LOS ANGELES — Harry Dean Stanton, the shambling, craggy-face character actor with the deadpan voice who became a cult favorite through his memorable turns in “Paris, Texas,” ”Repo Man” and other films and TV shows, died Friday at age 91.
Stanton died of natural causes at Cedars-Sinai Medical Center in Los Angeles, his agent, John S. Kelly, said.
Never mistaken for a leading man, Stanton was an unforgettable presence to moviegoers, fellow actors and directors, who recognized that his quirky characterizations could lift even the most ordinary script. Roger Ebert once observed that no movie with Stanton in a supporting role “can be altogether bad.”
He was widely loved around Hollywood, a drinker and smoker with a million stories who palled around with Jack Nicholson and Kris Kristofferson among others and was a hero to such younger stars and brothers-in-partying as Rob Lowe and Emilio Estevez.
Almost always cast as a crook, a codger, an eccentric or a loser, he appeared in more than 200 movies and TV shows in a career dating to the mid-1950s. A cult-favorite since the ’70s with roles in “Cockfighter,” ”Two-Lane Blacktop” and “Cisco Pike,” his more famous credits ranged from the Oscar-winning epic “The Godfather Part II” to the sci-fi classic “Alien” to the teen flick “Pretty in Pink,” in which he played Molly Ringwald’s father. He also guest starred on such TV shows as “Laverne &Shirley,” ”Adam-12” and “Gunsmoke.” While fringe roles and films were a specialty, he also ended up in the work of many of the 20th century’s master auteurs, even Alfred Hitchcock in the director’s serial TV show.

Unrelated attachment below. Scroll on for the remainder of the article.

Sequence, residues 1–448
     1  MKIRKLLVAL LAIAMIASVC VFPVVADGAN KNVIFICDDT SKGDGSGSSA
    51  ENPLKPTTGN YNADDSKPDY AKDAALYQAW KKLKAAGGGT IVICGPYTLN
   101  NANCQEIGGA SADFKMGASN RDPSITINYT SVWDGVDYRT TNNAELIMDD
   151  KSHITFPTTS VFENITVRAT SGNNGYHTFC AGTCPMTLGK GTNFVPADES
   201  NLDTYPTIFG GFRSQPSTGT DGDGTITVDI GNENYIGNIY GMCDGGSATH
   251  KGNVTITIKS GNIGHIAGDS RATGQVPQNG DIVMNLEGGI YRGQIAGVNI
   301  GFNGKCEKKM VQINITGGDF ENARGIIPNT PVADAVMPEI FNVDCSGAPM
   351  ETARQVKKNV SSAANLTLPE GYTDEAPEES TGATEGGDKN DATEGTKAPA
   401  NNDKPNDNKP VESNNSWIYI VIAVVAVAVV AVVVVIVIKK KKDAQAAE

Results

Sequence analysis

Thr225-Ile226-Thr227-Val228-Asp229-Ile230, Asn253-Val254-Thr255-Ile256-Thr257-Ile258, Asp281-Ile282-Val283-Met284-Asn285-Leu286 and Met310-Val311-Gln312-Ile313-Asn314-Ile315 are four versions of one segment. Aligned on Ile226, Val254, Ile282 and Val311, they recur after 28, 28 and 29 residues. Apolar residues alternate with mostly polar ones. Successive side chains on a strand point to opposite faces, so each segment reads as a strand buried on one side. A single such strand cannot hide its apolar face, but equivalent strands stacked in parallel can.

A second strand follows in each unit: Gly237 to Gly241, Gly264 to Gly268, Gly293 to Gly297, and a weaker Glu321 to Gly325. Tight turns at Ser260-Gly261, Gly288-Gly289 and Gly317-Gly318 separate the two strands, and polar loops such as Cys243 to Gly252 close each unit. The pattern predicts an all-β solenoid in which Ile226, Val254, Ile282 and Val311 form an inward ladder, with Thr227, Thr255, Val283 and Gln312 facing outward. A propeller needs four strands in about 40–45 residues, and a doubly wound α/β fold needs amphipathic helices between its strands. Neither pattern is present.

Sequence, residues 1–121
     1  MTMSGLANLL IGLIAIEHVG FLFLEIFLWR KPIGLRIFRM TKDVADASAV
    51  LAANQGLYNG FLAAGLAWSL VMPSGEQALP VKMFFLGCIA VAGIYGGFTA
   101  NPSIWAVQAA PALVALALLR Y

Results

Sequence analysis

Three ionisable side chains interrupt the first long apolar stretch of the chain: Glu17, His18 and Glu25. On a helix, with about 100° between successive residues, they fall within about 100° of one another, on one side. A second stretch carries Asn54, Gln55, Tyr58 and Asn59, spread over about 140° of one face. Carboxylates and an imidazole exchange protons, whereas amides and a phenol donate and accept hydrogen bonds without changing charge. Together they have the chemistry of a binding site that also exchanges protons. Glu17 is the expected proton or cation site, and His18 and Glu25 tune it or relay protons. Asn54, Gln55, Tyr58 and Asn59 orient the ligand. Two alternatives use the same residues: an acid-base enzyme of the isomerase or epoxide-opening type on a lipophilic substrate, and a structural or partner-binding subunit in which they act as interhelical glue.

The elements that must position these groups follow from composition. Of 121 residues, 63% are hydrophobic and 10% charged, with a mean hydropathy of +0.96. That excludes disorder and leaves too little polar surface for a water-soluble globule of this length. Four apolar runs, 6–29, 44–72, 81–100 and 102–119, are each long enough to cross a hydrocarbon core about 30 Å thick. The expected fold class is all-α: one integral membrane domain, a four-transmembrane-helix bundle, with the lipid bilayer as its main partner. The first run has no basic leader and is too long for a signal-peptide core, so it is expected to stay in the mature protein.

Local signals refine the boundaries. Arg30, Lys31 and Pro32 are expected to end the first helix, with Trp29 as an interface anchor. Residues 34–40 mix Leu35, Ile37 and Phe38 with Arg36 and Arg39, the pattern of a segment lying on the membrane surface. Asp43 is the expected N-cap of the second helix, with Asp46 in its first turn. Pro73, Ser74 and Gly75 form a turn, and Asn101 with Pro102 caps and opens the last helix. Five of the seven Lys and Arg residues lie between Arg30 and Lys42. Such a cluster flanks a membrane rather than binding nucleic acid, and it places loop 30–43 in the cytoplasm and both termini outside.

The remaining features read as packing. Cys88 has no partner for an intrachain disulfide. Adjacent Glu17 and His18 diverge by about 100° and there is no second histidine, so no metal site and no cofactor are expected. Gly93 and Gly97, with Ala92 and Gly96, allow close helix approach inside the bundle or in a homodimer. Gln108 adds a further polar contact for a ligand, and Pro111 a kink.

“I worked with the best directors,” Stanton told the AP in a 2013 interview. “Martin Scorsese, John Huston, David Lynch, Alfred Hitchcock. Alfred Hitchcock was great.”
He said he could have been a director himself but “it was too much work.”
Fitting for a character actor, he only became famous in late middle age. In Wim Wenders’ 1984 rural drama “Paris, Texas,” he earned acclaim for his subtle and affecting portrayal of a man so deeply haunted by something in his past that he abandons his young son and society to wander in the desert.
Wiry and sad, Stanton’s near-wordless performance is laced with moments of humor and poignancy. His heartbreakingly stoic delivery of a monologue of repentance to his wife, played by Nastassja Kinski, through a one-way mirror has become the defining moment in his career, in a role he said was his favorite.